Visit the Buxton Osteopathy Clinic at 7 Bridge St, Buxton SK17 6BS
Hands are the most commonly affected area for osteoarthritis (OA). This is caused by a slow progressive loss of cartilage in a joint. Osteoarthritis affects three main areas of the hand which are the base of the thumb, joints closest to the fingertips and the middle joints of the fingers. The eight snall bones that comprise the wrist can also be damaged or dislocated with direct impacts or blunt trauma.
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Tendons and soft tissue injuries in the wrist and hand are unfortunately very common (typically as a result of repetitive strain injury). These issues typically arise in both the thumb and finger tendons. De Quervain's tenosynovitis describes a condition that affects the tendon sheath of the thumb. This manifets in pain at the base of the thumb near the wris). Trigger finger is another form of tenosynovitis that is characterized by the inflammation of the fluid filled sheath that surrounds a specific tendon in the fingers (usually affects the forefinger of either hand).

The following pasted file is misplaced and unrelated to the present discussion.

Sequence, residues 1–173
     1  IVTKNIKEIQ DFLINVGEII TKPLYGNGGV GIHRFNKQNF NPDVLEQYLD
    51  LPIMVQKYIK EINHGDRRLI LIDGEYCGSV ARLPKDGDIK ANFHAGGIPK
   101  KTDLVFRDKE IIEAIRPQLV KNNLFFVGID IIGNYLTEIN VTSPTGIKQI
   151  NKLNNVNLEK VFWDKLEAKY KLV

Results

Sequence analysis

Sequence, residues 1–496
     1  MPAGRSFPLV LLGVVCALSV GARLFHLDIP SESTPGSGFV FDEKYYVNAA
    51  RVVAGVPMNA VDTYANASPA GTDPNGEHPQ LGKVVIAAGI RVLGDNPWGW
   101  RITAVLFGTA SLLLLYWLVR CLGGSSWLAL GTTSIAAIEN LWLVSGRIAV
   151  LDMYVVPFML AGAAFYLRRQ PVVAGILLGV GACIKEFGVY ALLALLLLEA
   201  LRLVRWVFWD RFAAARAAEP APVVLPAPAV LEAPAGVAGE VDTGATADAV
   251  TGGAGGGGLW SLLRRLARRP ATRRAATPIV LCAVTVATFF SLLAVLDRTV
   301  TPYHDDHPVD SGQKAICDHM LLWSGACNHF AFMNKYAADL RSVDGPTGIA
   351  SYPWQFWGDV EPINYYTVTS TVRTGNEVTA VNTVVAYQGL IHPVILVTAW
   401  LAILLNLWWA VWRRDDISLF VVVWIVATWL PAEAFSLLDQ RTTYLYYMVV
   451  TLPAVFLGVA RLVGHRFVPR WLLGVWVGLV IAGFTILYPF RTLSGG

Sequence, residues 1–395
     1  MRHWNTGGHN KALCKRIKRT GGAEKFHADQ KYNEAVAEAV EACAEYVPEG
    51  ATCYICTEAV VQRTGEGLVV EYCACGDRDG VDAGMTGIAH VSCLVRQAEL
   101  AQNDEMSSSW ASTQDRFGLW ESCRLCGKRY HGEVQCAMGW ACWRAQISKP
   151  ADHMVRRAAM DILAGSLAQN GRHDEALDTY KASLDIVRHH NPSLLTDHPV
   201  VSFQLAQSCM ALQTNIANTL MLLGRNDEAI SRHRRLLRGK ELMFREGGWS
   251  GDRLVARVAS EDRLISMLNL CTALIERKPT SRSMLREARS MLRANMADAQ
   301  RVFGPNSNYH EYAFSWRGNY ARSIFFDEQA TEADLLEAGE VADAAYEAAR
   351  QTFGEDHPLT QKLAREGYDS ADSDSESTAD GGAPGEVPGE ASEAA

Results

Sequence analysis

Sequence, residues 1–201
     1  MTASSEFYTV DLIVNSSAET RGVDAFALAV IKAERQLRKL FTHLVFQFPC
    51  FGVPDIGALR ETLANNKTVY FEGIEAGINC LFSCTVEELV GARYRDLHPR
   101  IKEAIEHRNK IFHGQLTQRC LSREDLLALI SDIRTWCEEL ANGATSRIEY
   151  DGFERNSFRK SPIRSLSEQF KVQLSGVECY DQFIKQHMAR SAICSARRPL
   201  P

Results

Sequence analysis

Carpel Tunnel Syndrome (CTS) can begin with tingling and/or numbness in the hand that can then progress in severity. Fluid accumulates under a tight ligament (called a retinaculum) inside the wrist causing pressure on the nerve that passes underneath it. It has a higher incidence rate in those people who have desk bound jobs or any activity that involves reptitive gripping and it can also manifest during pregnancy
It is also important to remember that hand and wrist pain can also be referred from somewhere else. The good news is that most of these issues are very treatable with osteopathy. Most common causes of referred pain and pins and needles in the hand and wrist include trapped nerves in the neck or impingement of a nerve as it travels down the arm. Pain and dicomfort for gripping can be referred from your elbow (tennis or golfer’s elbow) or delicate nerves and blood vessels in the shoulder can sometimes be compressed (Thoracic Outlet Syndrome)